Normally Lowell would just toss the ball back to pitcher, Todd Jones. This time, though, he notices that neither Terrero nor Carlos Tosca, the third base coach, are looking at him, so he just keeps the ball in the glove, and saunters back towards third, just as though he'd already returned the ball to Jones. He never looks directly at Terrero, nor does he say anything. He just takes his position, albeit a bit closer to third than usual. Now it's Jones's turn for subtlety. First of all, he has to be quick on the uptake. If Jones is clueless, he's going to be standing there waiting for someone to throw him the ball, and the jig will be up. It's not like Lowell can tell him what's going on. He knows Lowell didn't return the ball, but he can't react to that in any way that would make someone suspect he doesn't have it. Perhaps Lowell gave him a quick glance. Whatever, things have to look normal. (The sad thing about hidden ball tricks is that the good ones are almost never caught on video, except perhaps the actual tag out, as in this case.)
Jones pretends he has the ball. This is harder than it sounds, because if he steps anywhere on the mound without the ball it's a balk, and the tying run scores. He has to figure out how to stall without stepping on the mound. If he'd been the starter, he could've just thrown a little tantrum behind the mound over the cheap hit he'd just given up, as starters are wont to do. Relievers, though, are supposed to be in control of their emotions. Also, if he looks too upset, there's a good chance that the catcher might decide to come out to the mound to calm him down. If that happens, the ump will call time, and the play with be toast. He picks up the rosin bag to dust his pitching hand, and motions to his catcher that he's fine.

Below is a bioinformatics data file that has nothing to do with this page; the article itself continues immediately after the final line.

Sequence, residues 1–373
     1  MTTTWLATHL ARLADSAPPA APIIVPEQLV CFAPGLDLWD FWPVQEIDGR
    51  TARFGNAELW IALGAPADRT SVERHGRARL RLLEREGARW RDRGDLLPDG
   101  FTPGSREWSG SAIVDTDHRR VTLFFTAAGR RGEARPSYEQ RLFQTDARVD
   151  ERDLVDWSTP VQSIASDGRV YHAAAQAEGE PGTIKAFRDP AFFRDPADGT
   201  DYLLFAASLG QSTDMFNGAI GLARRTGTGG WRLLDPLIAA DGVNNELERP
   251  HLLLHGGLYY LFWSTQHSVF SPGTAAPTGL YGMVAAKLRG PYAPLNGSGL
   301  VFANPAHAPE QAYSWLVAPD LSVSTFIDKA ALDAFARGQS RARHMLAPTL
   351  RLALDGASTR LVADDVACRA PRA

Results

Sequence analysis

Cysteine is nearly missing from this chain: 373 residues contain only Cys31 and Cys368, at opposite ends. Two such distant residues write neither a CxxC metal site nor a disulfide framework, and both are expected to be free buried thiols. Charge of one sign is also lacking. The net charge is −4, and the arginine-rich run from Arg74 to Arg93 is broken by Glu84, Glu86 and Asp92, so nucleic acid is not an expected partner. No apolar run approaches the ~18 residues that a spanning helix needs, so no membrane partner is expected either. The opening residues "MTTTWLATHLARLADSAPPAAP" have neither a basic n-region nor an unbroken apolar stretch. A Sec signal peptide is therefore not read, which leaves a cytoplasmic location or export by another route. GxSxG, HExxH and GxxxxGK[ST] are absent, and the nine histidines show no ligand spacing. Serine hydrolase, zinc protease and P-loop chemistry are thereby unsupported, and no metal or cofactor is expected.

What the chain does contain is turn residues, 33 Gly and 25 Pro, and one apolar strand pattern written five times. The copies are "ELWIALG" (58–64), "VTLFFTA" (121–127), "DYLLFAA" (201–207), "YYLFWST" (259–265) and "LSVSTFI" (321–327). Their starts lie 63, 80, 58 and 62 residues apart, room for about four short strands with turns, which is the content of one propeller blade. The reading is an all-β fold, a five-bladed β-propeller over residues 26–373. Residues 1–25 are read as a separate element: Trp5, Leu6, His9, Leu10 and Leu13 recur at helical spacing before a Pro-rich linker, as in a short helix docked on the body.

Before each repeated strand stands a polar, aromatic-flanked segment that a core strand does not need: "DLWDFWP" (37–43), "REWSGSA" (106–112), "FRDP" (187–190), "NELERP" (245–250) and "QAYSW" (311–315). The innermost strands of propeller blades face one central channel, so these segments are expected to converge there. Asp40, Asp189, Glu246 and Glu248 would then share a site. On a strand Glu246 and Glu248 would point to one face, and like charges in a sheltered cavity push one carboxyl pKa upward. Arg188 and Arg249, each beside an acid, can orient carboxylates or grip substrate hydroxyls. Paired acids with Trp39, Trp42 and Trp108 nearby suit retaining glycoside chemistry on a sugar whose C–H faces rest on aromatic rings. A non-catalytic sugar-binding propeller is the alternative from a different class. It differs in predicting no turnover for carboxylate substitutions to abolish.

Terrero, meanwhile, has been going over the situation with Tosca, blissfully unaware of what is going on three feet to his left. Tosca is also busy getting the signs for the next at bat. Craig Counsell at the plate is a good bunter, so there's the possibility of a squeeze play, and Tosca is looking to the dugout to see if it'll be called. Terrero and Tosca both figure that the reason that Lowell is so close to third is because of the potential squeeze.
So, Tosca is waiting to flash the signs. Counsell is standing at the plate, waiting for Jones to go to the rubber, and turns to look at Tosca. Lowell is standing a step inside the line, even with the bag. Now, Terrero makes his mistake, and starts to take a short lead off third. Immediately, Lowell takes one step to his right and applies the tag. The ump is right there, having figured out what was going on immediately. Terrero is out, and the threat is killed. It was a beautiful thing.
After the fact, both Terrero and Tosca admitted to being uneasy, like they were missing something. There's been only one other successful hidden ball play in this decade, and it was Mike Lowell who pulled that one off, too. The man has a gift.